Are Sleep Difficulties Associated With Migraine Attributable to Anxiety and Depression?


  • Conflict of Interest: None

K.R. Merikangas, 35 Convent Dr. 1A201, MSC 3720, Bethesda, MD 20814. [Correction added after online publication 7-Jul-2008: Dr. Merikangas' name and affiliation have been updated.]


Objective.— To examine whether sleep complaints reported by migraineurs can be attributed to comorbid anxiety and/or depression.

Background.— A consistent association between migraine and sleep complaints has been reported in community and clinical studies. However, anxiety and depression are often comorbid with migraine. Thus, it may be possible that the increased prevalence of sleep problems in migraineurs is attributable to comorbid anxiety and depression. To our knowledge, no previous studies have demonstrated that the associations are not solely attributed to comorbid anxiety and depression.

Design and Methods.— Controlled family study of anxiety disorders and substance use disorders in a community in New Haven County, CT. The sample included 221 probands (41 migraineurs) and their 261 directly interviewed first-degree relatives (39 migrainuers), including parents, siblings, and offspring over age 18. A lifetime history of migraine was obtained using the Diagnostic Interview for Headache Syndromes. A lifetime history of psychiatric disorders was obtained using the semi-structured Schedule for Affective Disorders and Schizophrenia which was modified to incorporate Diagnostic and Statistical Manual diagnostic criteria. Several sleep items on current and lifetime sleep complaints were included as a subset of the interview.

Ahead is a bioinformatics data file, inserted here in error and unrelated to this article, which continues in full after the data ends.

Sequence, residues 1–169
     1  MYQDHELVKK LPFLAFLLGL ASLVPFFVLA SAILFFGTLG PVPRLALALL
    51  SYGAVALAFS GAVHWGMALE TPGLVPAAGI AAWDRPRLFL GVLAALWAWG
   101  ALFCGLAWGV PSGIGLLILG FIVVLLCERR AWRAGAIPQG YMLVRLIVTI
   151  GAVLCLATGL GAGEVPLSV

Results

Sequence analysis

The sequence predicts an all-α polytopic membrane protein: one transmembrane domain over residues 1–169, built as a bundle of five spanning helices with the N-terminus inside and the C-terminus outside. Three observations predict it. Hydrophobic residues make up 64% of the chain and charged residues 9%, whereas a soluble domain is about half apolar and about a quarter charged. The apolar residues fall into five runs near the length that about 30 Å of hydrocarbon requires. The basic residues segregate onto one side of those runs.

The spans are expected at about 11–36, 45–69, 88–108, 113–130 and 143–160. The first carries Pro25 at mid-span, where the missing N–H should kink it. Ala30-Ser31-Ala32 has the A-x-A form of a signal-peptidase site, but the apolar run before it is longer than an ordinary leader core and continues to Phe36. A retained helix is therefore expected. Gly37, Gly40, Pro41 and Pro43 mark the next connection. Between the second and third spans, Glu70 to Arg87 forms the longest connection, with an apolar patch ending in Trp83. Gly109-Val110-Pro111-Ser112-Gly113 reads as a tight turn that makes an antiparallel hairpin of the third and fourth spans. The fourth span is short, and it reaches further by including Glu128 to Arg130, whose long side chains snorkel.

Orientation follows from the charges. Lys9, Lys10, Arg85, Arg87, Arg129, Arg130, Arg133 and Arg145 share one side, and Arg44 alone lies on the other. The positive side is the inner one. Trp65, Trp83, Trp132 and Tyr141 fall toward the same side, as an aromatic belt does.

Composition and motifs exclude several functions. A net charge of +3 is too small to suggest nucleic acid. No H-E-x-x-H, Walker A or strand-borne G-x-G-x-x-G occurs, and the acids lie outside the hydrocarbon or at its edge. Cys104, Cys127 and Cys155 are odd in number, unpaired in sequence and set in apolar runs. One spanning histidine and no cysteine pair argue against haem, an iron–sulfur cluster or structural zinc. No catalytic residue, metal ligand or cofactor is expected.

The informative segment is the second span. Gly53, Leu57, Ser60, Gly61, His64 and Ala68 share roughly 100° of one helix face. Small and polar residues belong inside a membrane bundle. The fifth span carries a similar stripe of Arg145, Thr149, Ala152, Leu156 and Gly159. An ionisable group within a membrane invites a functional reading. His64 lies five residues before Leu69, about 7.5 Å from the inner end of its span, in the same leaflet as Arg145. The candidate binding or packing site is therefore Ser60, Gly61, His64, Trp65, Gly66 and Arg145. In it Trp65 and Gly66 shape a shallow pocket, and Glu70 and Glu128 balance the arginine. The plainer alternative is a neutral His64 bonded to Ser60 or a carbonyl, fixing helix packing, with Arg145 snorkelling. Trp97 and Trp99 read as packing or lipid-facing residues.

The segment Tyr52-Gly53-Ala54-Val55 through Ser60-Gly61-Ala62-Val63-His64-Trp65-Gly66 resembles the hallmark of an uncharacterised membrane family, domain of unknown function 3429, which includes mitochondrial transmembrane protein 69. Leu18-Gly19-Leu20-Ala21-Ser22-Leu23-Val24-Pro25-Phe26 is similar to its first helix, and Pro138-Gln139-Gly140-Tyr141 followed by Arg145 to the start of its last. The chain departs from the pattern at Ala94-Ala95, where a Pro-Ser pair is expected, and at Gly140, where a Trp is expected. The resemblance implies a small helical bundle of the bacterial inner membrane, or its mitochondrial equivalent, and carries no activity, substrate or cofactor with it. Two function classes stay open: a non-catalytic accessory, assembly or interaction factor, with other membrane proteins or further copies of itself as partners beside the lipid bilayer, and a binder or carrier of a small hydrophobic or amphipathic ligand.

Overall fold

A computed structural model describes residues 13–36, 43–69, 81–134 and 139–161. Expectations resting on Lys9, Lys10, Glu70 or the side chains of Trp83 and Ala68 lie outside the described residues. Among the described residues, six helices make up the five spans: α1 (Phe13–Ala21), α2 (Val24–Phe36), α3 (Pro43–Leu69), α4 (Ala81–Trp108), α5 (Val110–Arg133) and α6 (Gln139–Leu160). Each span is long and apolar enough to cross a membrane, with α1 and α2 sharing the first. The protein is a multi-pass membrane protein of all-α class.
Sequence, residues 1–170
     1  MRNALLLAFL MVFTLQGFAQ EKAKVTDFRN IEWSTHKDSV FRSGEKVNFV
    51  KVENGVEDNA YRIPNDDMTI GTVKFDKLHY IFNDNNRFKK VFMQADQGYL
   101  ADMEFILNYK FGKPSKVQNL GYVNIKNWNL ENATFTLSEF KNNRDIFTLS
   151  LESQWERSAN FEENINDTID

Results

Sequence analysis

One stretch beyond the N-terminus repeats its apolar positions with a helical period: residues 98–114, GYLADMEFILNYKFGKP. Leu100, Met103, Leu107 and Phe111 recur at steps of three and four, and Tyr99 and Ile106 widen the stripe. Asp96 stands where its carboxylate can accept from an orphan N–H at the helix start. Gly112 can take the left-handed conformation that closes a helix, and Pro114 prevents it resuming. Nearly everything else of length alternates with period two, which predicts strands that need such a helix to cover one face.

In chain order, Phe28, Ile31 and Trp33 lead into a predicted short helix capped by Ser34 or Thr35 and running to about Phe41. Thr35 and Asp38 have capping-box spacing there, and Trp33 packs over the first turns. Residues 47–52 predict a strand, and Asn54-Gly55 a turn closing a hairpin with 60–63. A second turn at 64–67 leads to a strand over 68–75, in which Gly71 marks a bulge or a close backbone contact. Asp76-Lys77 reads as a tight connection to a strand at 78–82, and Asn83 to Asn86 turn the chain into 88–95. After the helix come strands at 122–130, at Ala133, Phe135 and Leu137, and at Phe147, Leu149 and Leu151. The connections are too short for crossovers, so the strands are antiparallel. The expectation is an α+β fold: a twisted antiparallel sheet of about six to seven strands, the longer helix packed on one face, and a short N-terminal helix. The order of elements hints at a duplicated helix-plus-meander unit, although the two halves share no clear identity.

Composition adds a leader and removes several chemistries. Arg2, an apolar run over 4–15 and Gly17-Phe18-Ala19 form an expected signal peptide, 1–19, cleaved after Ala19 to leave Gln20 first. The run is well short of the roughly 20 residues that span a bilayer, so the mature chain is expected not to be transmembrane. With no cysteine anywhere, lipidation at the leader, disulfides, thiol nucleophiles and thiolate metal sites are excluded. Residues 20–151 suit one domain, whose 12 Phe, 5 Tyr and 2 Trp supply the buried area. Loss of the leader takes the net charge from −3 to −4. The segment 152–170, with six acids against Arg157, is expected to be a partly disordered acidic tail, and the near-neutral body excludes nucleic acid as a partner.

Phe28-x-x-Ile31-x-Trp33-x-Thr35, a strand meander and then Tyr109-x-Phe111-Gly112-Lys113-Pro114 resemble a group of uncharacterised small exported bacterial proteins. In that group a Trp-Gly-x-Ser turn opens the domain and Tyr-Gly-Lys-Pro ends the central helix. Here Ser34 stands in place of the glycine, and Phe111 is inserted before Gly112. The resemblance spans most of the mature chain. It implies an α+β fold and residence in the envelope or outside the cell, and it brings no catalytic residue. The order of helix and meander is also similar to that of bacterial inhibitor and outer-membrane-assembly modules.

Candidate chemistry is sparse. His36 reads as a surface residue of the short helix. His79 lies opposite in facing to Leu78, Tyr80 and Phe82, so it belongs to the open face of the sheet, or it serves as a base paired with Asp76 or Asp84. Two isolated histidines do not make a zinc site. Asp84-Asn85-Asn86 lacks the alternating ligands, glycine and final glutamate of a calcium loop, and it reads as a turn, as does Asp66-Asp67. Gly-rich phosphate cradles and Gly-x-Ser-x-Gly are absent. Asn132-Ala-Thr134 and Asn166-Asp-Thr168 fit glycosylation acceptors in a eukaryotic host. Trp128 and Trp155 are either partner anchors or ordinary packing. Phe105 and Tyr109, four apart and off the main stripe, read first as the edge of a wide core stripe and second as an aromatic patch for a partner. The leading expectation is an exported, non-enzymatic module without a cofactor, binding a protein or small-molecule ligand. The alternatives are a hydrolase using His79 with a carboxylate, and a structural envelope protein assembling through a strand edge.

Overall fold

Results.— There was a significant association between migraine and the number of sleep problems as well as several specific sleep symptoms among probands and their adult relatives. Adults with migraine reported having significantly more lifetime sleep problems (OR [CI] = 2.3 [1.1-4.6]), and more current sleep difficulties, specifically, inadequate sleep (2.5 [1.2-5.0]), difficulty falling asleep (3.0 [1.5-6.3]), and persistent nightmares of childhood onset (4.3 [1.8-9.9]) than those without migraine. The associations between sleep problems and migraine persisted after controlling for both lifetime and current anxiety and mood disorders.

Conclusions.— The association between sleep problems and migraine that is not solely explained by comorbid anxiety disorders or depression suggests that sleep problems should be evaluated among people with migraine.